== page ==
Anyone who gardens in Ohio knows that soil textures can be different from one backyard to another.
Because of our numerous lakes and streams, soil textures where we live can range anywhere from coarse sand to heavy clay. Gardening is enough of a challenge in itself, but improving our soil contributes to healthy plants, and healthy plants are more able to combat the effects of weather, weeds and insects.
Soil texture refers to the size of the particles that make up our little patch of earth. There are three common types of soil particles - sand, silt and clay.
Sandy soil has the largest particles and are irregularly shaped. It doesn't compact easily and as a result, water quickly flows through it and away from plants. Individual particles can be seen with the naked eye.
Silt has the next-smallest particles. They also are irregularly shaped but individual particles can't be seen without the aid of a microscope. Silt is smooth and silky to touch and is often compared to the texture of talcum powder. Silt washes away easily from heavy rains.
Clay soil has the smallest of all particles. The particles stick together tightly, preventing water and air from penetrating easily.
The ideal soil texture is a combination of all three of these basic types. The amounts of these three textures is defined as soil structure.
Soil structure refers to the way the different particles all clump together.
If you want an idea of your own soil structure, grab a handful of damp soil and squeeze it into a ball. Open your hand and watch what happens. If it easily falls apart, your soil texture is likely mostly sand. If it takes a bit of pressure to get the clump to fall apart, your soil is probably mostly silt, and as you can probably figure out by now, if the clump holds together even with your prodding, it is made up mostly of clay.
There is another way to determine your soil type that is not only easy but fun for kids as well.
First you will need a wide-mouth jar with a lid. Any type of jar will do, either from the grocery store or a canning jar is fine. Fill the jar half full with soil from your garden and add enough water to make it the consistency of mud. Wait a few minutes for the soil and water to separate. The soil, which is heavier than the water, will settle to the bottom and the water will rise above it.
Once the separation has occurred, mark on the outside of the jar the level of the soil. Add a teaspoon of salt or dishwashing liquid to the mixture and then fill the jar the rest of the way with water. This ''surfactant'' will help the soil particles separate. Give it a good shake. Soils heavy with clay might need a bit more shaking to help break up the particles. Finally, set the jar on the counter and wait.
In a few minutes, the sand will sink to the bottom of the jar. In about three to four hours, the silt will sit on top of the sand, but it takes longer, perhaps a day or two, for the clay to settle on top of the silt. Be careful not to shake the jar once the soils have begun separating.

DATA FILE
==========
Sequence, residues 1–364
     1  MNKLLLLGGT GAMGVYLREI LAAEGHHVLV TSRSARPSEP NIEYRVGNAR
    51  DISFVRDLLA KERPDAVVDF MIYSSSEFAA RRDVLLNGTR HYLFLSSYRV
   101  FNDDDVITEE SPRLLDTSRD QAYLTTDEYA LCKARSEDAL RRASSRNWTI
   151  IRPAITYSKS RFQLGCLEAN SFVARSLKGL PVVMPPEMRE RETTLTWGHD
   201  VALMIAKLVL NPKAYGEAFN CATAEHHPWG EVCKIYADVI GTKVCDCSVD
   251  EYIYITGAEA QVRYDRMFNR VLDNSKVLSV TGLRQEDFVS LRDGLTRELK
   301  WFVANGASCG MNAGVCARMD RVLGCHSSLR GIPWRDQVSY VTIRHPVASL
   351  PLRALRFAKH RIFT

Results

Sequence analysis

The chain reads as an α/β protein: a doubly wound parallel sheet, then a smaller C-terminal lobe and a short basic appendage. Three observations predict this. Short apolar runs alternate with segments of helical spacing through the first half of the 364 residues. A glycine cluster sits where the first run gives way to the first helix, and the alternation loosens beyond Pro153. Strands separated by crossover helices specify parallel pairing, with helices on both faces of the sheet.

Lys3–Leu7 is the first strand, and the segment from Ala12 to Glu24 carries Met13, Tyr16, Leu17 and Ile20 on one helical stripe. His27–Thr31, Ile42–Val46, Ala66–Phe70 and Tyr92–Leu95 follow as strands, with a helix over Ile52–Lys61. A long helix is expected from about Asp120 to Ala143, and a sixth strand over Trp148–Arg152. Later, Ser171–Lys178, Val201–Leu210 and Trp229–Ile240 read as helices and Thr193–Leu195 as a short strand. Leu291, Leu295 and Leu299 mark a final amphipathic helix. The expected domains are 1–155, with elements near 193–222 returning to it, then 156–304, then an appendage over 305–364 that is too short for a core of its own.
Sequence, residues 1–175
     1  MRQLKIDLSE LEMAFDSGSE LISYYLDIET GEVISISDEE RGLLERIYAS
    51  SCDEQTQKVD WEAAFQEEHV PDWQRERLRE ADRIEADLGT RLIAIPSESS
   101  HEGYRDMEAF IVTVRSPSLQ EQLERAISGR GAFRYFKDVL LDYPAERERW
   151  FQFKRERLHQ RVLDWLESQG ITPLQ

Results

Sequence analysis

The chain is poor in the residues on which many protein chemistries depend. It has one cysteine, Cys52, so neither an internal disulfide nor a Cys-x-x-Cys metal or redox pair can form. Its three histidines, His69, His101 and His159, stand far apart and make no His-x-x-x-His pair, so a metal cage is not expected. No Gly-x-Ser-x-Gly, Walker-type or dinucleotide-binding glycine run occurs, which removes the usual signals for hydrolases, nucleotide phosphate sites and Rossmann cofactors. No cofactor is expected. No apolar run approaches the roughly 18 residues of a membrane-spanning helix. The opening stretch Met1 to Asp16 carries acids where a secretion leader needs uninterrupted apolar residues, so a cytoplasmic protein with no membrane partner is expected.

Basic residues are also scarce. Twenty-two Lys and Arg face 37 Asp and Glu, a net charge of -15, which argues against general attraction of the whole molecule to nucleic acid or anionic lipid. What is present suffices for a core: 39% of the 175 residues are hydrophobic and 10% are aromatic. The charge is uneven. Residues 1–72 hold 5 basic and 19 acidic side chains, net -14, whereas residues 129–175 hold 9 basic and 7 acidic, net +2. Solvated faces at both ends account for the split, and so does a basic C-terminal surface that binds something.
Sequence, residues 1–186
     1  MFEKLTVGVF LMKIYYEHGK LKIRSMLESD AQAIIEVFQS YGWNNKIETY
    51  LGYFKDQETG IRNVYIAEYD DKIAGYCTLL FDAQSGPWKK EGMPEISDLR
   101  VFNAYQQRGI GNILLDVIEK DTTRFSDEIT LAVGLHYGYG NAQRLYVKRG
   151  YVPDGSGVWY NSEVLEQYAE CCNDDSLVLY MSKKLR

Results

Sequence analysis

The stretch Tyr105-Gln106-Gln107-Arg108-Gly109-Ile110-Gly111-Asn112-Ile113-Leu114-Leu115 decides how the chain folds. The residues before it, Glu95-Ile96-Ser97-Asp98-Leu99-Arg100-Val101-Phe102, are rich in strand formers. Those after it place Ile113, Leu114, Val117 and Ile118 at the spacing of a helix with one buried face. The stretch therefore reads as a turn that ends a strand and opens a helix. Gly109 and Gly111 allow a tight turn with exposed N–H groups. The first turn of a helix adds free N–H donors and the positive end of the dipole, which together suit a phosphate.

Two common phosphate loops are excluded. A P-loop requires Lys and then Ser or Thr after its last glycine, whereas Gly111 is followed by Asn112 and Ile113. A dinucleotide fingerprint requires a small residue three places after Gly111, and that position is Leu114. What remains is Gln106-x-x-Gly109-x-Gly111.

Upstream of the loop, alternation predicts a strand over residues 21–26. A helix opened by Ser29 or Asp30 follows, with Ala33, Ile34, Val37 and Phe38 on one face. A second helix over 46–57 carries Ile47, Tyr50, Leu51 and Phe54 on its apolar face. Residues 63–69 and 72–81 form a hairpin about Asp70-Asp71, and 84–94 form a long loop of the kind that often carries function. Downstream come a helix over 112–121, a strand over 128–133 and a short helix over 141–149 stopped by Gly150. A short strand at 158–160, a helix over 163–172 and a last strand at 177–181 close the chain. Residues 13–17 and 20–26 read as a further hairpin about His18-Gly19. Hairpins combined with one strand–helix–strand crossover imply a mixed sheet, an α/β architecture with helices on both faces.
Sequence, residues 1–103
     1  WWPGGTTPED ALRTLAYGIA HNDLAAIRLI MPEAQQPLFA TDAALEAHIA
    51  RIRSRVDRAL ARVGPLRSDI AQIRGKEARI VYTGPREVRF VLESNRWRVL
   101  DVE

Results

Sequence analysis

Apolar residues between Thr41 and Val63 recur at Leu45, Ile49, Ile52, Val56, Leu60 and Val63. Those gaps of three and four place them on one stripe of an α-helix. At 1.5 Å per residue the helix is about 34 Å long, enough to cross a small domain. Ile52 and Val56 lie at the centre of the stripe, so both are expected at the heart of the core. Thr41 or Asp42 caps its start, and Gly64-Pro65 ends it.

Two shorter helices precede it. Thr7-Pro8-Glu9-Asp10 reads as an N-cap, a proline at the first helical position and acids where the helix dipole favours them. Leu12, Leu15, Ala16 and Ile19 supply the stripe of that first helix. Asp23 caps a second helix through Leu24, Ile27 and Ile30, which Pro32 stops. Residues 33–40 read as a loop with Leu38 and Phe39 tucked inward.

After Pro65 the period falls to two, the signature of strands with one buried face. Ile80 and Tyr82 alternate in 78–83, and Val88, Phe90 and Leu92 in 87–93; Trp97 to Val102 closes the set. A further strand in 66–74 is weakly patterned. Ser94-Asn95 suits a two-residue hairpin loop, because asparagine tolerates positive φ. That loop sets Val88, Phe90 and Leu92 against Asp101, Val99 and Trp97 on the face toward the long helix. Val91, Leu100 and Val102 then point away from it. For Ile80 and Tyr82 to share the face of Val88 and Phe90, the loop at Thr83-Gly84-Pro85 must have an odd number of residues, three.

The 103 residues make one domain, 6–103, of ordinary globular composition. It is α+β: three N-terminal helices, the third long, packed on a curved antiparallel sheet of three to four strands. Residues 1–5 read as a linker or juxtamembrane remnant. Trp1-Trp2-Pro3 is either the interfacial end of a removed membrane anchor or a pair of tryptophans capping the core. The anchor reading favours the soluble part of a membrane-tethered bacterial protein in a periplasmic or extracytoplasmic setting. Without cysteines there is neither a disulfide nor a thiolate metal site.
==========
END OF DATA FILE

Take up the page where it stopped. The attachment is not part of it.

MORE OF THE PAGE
After a couple days, measure the different layers of soil textures and divide that number by the measurement from the mark you made on the first day. Each layer's measurement will give you the percentage of each soil texture you have.
Of course, most people don't go to all this trouble to determine their soil types. The rest of us simply add as much organic matter as possible in the form of composted material, peat and manure. By mixing organic matter into the soil, it helps break up the heavy clay particles while mixing with the sand and silt making it easier for nutrients, water and oxygen to get to the plants' roots where they are needed the most.
The most ideal garden soil is called sandy loam. It is a mixture of all three soil textures, but it isn't an easy balance to acquire. We can't just add bags of sand to what we have because mixing sand with clay will give us a soil structure that is similar to cement and we certainly don't want that.
If you are concerned about your soil texture, the most accurate method of determining what you need is to take a soil test.
Soil test bags are available for purchase at the Trumbull County Extension office on West Main Street in Cortland. They generally run between $12 and $15, and all you have to do is fill the bag you get with the test with some of your garden soil (instructions are included), and send it off to the lab listed on the packaging.
In return, you will get a full report of your soil types as well as the nutrient levels along with recommendations for improving your soil.
Separate tests should be taken for growing vegetables and flowers as their requirements are different.
In addition to your report, a copy also is sent to the Extension office. If you have any questions, you can simply give them a call and they will be glad to interpret the test results for you. It's as easy as sand, silt and clay.
Evanoff is a Master Gardener with The Ohio State University Extension of Trumbull County. She can be reached at firstname.lastname@example.org.